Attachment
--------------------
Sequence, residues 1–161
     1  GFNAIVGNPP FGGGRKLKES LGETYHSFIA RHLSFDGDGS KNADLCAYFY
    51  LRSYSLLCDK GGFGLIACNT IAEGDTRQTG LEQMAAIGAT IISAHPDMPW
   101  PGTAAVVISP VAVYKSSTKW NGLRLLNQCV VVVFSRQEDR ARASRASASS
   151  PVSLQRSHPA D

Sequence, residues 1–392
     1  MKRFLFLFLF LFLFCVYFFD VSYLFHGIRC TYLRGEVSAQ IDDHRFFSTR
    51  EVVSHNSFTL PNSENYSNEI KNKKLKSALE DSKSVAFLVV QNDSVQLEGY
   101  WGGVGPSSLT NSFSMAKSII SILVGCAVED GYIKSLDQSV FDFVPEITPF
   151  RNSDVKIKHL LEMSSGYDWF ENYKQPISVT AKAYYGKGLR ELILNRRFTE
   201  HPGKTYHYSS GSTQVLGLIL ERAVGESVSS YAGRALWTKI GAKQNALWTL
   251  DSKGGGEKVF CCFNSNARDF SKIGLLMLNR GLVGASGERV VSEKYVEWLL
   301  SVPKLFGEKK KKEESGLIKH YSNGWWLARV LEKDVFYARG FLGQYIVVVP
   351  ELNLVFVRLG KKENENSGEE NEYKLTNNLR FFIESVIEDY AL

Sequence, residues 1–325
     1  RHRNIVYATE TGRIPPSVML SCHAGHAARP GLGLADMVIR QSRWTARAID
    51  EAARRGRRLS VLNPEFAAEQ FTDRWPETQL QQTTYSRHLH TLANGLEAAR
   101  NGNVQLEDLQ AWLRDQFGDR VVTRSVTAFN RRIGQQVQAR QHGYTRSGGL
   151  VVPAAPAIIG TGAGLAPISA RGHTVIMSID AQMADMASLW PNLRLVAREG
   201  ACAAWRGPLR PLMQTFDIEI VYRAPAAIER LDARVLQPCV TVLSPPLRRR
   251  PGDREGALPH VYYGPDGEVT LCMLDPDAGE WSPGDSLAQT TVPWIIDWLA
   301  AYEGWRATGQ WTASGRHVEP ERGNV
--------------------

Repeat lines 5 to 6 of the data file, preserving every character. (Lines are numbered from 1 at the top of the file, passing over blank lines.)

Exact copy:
   151  PVSLQRSHPA D

Sequence, residues 1–392